Since Moving to Work (MTW) is a demonstration program, HUD has focused on analyzing the various programs and policies implemented by MTW agencies and their associated results. A significant feature of this effort is to identify promising practices by MTW agencies that with statutory or regulatory changes could be replicated at other public housing authorities nationwide. This page focuses on a variety of the promising practices being implemented by MTW agencies.
For the two agencies highlighted in the slideshow on the MTW homepage, Cambridge Housing Authority and Housing Authority of the County of San Mateo, please see the Cost Effectiveness and Housing Choice sections respectively below.
MTW Family Self-Sufficiency (FSS) Innovations
The MTW Demonstration allows MTW agencies to design and test various flexibilities in implementing the Family Self-Sufficiency (FSS) program. Agencies have used this flexibility to design and test better ways to serve families in their FSS programs. This document, relying on MTW agency submitted Annual MTW Plans and Reports, outlines some of the ways in which MTW agencies have utilized authorizations in the MTW Agreement to implement innovations around the FSS program or to create local self-sufficiency programs.
Rental Assistance Demonstration (RAD) and Utilizing MTW Flexibilities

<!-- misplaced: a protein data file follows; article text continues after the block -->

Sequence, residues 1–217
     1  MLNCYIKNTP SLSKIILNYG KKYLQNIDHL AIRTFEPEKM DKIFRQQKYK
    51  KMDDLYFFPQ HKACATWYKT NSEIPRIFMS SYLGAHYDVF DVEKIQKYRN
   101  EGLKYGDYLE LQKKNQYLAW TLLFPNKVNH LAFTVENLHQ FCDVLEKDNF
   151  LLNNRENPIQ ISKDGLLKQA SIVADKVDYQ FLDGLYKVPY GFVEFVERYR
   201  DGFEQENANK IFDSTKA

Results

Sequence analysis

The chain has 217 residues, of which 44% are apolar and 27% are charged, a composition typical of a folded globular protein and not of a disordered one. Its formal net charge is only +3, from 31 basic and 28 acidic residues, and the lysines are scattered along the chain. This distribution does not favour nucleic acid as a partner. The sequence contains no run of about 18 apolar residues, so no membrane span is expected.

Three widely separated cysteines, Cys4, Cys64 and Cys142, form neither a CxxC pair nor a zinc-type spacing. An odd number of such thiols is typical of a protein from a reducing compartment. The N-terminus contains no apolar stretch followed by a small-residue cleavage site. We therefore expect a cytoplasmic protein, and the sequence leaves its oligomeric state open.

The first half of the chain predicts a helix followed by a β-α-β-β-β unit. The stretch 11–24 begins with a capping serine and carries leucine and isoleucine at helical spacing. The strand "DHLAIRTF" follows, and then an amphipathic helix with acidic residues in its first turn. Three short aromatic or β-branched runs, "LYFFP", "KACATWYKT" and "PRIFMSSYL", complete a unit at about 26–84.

The Rental Assistance Demonstration (RAD) program was created in order to give public housing agencies a powerful tool to preserve and improve public housing properties and address the nationwide backlog of deferred maintenance. Coupling the RAD program with MTW flexibilities has allowed MTW agencies to test various approaches for providing and administering housing programs, safeguarding long-term housing assistance, modernizing its properties and providing greater funding support. This document, relying on Annual MTW Plans, Reports, and MTW agency websites, outlines some of the ways in which MTW agencies have utilized authorizations in their MTW Agreements to implement innovations around the RAD Demonstration program.
Using MTW Innovations to Address Local Needs
Below, you will find some examples of how MTW innovations can help agencies address local challenges. The innovations are categorized by the three statutory objectives of the MTW program: cost effectiveness, housing choice, and self-sufficiency. However, MTW innovations may achieve more than one statutory objective. MTW agencies decide what statutory objective they are addressing through each MTW activity or initiative.
Many MTW agencies use their flexibilities to implement cost effectiveness activities that can reduce costs associated with administrative tasks, and that assist with repositioning public housing units. Below is information about how agencies can use MTW flexibilities to be more cost effective and examples of activities implemented by legacy agencies.
- Simplifying HQS inspections: MTW agencies can implement activities that reduce costs associated with Housing Quality Standards (HQS) requirements. Read more about this here.
See how a legacy MTW agency implemented a modified HQS inspection activity in the Housing Authority of Baltimore City's FY20 MTW Plan, Activity 2020-01.
- Streamlining administrative tasks: MTW agencies can use waivers to simplify rent calculations to reduce PHA costs related to reexaminations. Read more about this here.
See how a legacy MTW agency implemented an alternate reexamination activity in Lexington-Fayette Housing Authority's FY20 MTW Plan, Activity 21.